Due to the significant number of major threats to the internal validity of the Williams et al. study, including lack of a well-explained study design that necessitated many assumptions regarding data analysis, the data from this article will be excluded in this overall clinical bottom line. Based on the results of the outcomes from Scholtes et al., El-Etribi et al., and Reddihough et al. with a composite number of 135 subjects, BTX-A injections to select lower extremity muscles in conjunction with a PT program resulted in only modest statistically significant improvements in muscle spasticity and motor function compared to PT alone. The amount of PT hours the intervention groups received ranged from approximately 27.8 hours to approximately 60 hours. The general principles and concepts of the PT programs can readily be applied in the clinical setting. Of the three studies, the greatest improvement in muscle spasticity was 1.04 MAS points and the greatest improvement in ankle dorsiflexion passive ROM with knee flexion was 13.7˚. However, since there is no established MCID for the MAS in children with CP, it is not known whether this change in muscle spasticity was clinically important. The amount of change in ankle dorsiflexion ROM likely exceeds the MDC for a goniometric measurement, so it is reasonable to expect that some individuals experienced a real average increase in ankle dorsiflexion ROM, though whether this was clinically significant was not determined. Since the peak BTX-A effect is typically around 6 weeks post-injection1, the majority of the assessment time points (~64%) in all of these studies are likely beyond the timeframe of peak BTX-A effect. Another possible reason why these studies did not show better improvements is suboptimal selection of outcome measures, as muscle strength and muscle volume may not have best captured the effects of the BTX-A injections. Last, due to poor data presentation and discussion, major assumptions needed to be made regarding the assessment time points of the control group in the Reddihough et al. article, as well as timing of BTX-A injections in relation to initiation of the strength training program and total number of hours of strength training in the Williams et al. article. These assumptions significantly threatened the confidence in data interpretation and conclusions drawn from these studies. Only the Reddihough et al. study included outcome measures assessing functional improvements (via the GMFM) and parent satisfaction (via the parental questionnaire). For the other studies, it would have been helpful to know if the small improvements in muscle spasticity and ROM allowed the children and/or parents to more easily perform functional ADLs or IADLs. Future studies should include the use of outcome measures that capture participation level activities. Due to the many threats to the internal validity that significantly compromise methodological quality, the results from these studies should be not be extrapolated to a larger patient population.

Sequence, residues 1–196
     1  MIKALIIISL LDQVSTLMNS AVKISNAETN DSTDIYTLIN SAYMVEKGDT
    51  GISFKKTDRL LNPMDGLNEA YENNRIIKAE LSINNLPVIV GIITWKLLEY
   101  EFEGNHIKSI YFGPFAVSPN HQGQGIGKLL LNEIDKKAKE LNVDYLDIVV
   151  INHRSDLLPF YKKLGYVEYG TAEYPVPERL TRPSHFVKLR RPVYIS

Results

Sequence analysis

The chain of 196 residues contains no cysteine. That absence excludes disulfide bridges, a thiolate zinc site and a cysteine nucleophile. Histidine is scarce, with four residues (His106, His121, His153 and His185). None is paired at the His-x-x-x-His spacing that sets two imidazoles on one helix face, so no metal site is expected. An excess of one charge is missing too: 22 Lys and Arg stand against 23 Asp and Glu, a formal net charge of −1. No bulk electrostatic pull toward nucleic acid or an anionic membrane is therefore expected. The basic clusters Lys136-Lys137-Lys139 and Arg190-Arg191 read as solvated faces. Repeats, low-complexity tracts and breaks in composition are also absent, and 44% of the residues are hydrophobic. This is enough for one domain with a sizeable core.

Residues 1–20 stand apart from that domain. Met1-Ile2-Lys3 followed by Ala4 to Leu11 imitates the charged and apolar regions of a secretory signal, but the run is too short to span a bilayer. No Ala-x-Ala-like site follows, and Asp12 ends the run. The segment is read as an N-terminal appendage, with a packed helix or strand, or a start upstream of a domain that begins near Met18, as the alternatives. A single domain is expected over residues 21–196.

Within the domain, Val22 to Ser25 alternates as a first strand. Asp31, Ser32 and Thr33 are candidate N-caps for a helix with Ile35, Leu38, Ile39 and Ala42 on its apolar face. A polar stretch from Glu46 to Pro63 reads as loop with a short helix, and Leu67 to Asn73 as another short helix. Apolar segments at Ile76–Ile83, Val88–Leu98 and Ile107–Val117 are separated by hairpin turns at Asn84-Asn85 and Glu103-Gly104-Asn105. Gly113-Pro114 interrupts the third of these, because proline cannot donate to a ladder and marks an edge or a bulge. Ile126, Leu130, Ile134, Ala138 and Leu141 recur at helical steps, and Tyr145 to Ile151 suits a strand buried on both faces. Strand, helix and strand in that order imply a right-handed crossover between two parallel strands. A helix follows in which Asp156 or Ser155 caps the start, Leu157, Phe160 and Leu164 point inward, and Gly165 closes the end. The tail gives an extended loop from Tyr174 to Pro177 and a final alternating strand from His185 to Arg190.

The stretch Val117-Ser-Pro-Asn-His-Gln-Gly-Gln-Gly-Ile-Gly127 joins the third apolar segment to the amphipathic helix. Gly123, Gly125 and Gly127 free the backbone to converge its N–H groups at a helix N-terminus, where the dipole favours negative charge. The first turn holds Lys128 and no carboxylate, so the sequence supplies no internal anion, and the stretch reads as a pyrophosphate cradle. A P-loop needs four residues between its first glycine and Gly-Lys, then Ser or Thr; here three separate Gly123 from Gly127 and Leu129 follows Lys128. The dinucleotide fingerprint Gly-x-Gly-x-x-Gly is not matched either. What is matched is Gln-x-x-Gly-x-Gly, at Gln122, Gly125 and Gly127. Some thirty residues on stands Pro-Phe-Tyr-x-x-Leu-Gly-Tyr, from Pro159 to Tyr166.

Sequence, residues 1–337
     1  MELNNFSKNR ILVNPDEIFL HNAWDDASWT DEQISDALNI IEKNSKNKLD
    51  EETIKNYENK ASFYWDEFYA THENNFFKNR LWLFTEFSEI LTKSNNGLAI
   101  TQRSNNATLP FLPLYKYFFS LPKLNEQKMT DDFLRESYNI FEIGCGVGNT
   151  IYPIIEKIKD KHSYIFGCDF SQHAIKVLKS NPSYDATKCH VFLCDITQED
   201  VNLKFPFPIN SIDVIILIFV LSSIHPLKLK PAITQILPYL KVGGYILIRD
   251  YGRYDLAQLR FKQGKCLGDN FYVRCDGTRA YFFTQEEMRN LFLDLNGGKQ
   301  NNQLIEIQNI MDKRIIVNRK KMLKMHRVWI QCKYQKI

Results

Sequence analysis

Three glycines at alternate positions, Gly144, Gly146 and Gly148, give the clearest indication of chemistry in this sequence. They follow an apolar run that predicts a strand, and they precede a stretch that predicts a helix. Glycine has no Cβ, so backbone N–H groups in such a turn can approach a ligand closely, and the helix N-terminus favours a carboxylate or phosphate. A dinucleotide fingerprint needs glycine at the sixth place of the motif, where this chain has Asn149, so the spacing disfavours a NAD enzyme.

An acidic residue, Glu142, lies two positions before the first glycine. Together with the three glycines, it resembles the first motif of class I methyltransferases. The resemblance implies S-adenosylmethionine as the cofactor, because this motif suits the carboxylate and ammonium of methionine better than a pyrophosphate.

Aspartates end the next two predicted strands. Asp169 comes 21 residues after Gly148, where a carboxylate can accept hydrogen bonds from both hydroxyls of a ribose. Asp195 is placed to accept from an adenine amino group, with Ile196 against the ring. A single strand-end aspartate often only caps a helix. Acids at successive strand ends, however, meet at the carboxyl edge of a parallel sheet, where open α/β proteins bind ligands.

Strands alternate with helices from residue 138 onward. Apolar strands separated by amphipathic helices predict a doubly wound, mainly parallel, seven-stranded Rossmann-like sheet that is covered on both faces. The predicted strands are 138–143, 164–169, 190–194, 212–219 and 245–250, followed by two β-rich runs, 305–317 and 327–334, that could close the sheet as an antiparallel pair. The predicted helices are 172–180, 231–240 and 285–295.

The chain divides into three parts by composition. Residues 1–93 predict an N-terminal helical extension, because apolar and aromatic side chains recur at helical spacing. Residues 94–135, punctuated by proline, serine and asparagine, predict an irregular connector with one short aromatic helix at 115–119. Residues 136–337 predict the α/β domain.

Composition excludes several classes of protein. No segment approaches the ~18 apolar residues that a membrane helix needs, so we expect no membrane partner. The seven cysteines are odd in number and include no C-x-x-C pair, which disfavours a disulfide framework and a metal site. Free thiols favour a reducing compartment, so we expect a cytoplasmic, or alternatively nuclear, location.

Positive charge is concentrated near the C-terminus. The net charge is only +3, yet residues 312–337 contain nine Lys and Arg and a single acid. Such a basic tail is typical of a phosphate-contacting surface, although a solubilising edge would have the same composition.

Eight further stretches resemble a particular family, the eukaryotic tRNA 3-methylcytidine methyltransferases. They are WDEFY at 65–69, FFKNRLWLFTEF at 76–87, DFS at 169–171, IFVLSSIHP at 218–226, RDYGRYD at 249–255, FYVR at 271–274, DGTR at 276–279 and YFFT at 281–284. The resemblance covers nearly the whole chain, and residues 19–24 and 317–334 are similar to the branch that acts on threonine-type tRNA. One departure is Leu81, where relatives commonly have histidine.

Do botulinum toxin A injections in conjunction with physical therapy treatment result in improved muscle spasticity and motor function compared to physical therapy treatment alone in children with CP?
The patient who led me to pursue this question is a 7-year-old male with a diagnosis of cerebral palsy (CP) with spastic diplegia and bilateral hip subluxation with acetabular dysplasia and bilateral equinus contractures. Medical treatment to date has included bilateral proximal femur varus derotation osteotomies with blade plate fixation, Dega pelvic acetabuloplasties, and bilateral botulinum toxin A (BTX-A) injections of the gastrocsoleus complex. Problems identified include bilateral hip and knee flexion contractures, bilateral lower extremity strength deficits, decreased bed mobility, decreased transfers, decreased bilateral lower extremity weight bearing tolerance, and decreased ambulation quality and endurance.
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